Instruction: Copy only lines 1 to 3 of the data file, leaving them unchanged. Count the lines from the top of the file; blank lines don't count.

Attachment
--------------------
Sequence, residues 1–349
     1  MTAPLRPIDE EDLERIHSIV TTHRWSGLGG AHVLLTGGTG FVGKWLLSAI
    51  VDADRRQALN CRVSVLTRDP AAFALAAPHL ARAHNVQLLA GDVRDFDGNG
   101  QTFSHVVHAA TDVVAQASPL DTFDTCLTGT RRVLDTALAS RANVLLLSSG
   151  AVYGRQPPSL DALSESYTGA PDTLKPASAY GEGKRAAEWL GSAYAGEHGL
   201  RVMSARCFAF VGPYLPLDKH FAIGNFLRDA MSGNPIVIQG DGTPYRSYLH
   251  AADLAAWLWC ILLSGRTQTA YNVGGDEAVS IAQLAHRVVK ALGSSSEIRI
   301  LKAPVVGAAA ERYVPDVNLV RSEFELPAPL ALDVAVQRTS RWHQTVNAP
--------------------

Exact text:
Sequence, residues 1–349
     1  MTAPLRPIDE EDLERIHSIV TTHRWSGLGG AHVLLTGGTG FVGKWLLSAI
    51  VDADRRQALN CRVSVLTRDP AAFALAAPHL ARAHNVQLLA GDVRDFDGNG